That Amazon falsely claims to have gotten rid of volume incentives to avoid confusing Associates with an overly complicated fee structure adds aggravation to the devastation. The fee structure was simple and never confused anybody. Amazon just prefers to draw smiley faces on dogshit.
And the dogshit gets deeper.
Now every Amazon product category has a fixed commission and they’re mostly pathetic. I’ll give you an example: gift cards, which a few years ago earned whatever tiered commission you could work up to, dropped to 6 percent a year or two ago. Then I looked a couple of months back and they were at 2%. As of March 1? Zero. No commission on gift cards. Ditto on wine purchases. Zero.
Computers used to be at 4% Recently they dropped to 2.5%. DVDs and Blu-rays, also at 2.5% now.
Books? Used to be any commission that volume dictated; in my case never less than 7% and often more. As of March 1? 4.5% Kitchen items, too, and those are big sellers for the blog.
Outdoor items and tools (among the very biggest sellers hereabouts)? 5.5% And so on and so on.
As always, Amazon throws in a few sops so they can present their changes as a favor. Groceries, formerly at 4%, are now at 5% Some home, home-improvement, and pet products are a whopping 8%, higher than I’ve ever reached. But of course they’ll take these little perks away a month or two from now. The highest commissions remain on Amazon’s own products and on a couple other categories hardly anybody buys around here (“Luxury beauty,” anyone?).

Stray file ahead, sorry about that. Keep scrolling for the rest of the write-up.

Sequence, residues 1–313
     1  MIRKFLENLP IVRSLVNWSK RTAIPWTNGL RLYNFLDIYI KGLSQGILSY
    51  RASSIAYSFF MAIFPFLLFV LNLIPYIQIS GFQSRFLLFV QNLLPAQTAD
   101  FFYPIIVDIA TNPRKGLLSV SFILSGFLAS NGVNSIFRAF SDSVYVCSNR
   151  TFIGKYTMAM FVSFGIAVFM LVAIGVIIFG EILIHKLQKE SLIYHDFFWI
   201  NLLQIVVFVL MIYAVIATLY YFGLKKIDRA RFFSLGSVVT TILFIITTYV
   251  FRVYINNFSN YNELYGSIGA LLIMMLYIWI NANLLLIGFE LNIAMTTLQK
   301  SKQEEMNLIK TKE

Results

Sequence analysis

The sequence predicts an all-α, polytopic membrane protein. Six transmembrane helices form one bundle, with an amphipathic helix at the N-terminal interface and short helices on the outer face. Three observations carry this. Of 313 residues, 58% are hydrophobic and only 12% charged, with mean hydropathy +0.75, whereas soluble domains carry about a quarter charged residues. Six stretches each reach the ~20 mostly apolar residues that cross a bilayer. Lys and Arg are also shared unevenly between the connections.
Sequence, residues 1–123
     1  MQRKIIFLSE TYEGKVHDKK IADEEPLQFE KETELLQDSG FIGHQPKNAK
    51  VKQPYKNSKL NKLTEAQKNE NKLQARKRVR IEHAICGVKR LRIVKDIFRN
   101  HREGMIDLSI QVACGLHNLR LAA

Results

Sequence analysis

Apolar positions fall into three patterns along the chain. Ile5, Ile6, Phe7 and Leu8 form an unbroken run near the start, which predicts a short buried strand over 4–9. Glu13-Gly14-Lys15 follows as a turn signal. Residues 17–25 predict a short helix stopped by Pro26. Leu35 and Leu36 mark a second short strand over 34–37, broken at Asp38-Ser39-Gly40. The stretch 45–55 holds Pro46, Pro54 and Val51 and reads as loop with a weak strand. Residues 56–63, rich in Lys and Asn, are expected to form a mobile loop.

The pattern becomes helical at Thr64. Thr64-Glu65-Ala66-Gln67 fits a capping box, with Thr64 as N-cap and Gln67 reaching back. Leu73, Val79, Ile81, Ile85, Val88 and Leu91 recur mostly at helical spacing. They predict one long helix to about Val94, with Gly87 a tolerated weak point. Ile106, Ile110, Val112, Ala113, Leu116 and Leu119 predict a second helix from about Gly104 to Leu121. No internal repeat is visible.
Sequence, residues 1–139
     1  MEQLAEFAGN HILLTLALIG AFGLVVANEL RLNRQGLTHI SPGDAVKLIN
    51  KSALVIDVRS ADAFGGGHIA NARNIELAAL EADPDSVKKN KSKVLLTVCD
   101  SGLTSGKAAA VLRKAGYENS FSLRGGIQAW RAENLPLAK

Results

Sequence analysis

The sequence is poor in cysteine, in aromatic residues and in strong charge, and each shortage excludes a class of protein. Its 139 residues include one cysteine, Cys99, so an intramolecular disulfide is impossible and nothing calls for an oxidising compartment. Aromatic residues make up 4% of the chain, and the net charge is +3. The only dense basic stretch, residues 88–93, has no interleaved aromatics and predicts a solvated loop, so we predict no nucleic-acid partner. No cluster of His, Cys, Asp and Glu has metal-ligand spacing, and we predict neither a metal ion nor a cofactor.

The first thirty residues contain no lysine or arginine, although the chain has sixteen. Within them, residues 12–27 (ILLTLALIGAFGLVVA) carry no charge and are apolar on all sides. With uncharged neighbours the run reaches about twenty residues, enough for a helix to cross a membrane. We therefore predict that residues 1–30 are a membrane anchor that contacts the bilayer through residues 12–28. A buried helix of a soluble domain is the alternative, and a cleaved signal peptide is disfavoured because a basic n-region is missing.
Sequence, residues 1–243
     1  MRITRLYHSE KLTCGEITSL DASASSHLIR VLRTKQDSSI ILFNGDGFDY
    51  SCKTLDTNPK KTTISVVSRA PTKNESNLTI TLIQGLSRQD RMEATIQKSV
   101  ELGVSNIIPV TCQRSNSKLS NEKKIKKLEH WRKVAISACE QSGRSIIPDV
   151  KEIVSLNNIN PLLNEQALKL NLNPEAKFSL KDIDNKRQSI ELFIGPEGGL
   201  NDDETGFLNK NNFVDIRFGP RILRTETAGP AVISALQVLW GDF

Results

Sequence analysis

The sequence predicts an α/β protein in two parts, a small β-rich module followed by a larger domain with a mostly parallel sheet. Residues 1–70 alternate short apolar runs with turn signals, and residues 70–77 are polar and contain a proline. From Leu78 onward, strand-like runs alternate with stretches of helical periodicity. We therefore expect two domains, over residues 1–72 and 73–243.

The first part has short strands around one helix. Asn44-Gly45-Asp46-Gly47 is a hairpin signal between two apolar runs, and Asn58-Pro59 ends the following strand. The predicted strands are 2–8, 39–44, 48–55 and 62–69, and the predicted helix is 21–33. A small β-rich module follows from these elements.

Used to be, if an item wasn’t in a special category, I’d earn that reliable 7 or 7.5. Now, if an item manages to remain outside a stated category, it’s a flat, lousy 4%.
In other words: OUCH. It hurt like hell last year to go from BHM monthly pay + Amazon to Amazon alone. But then we had that big fundraiser. And thanks to you, Amazon income was slowly creeping up despite Amazon’s best efforts to the contrary. I earned just a few hundred a month on your purchases, but you know, it was a needed few hundred a month, a necessary part of my monthly budget. Now … off a cliff.
And this is most likely merely the beginning of the end.
The Cabal hasn’t turned out to be a moneymaker, either, though it’s a great success as a small, mostly friendly freedomista community. So I’m not sure where everything goes from here.
I promised you last year that your fundraiser contributions would not only raise the foundation of my house but also keep the blog going for two more years. Right this minute, I’m not sure I can keep that promise.
Oh, I’m not running out on you. Nor am I making a pitch for money. Even as other things go to crap, I feel I have been more than blessed, overly blessed, by you guys. I want nothing more from you.
I’m just tired and discouraged and sick of being hit with one damn nuisance after another. I’ll take the weekend off and everything will probably look better. I might even figure out some way to make this An Opportunity. But man, even though my troubles are small ones (and I don’t have to have that damned surgery!) … I’m tired. Just feeling beat. As if I dare not try anything because it’ll just turn to garbage.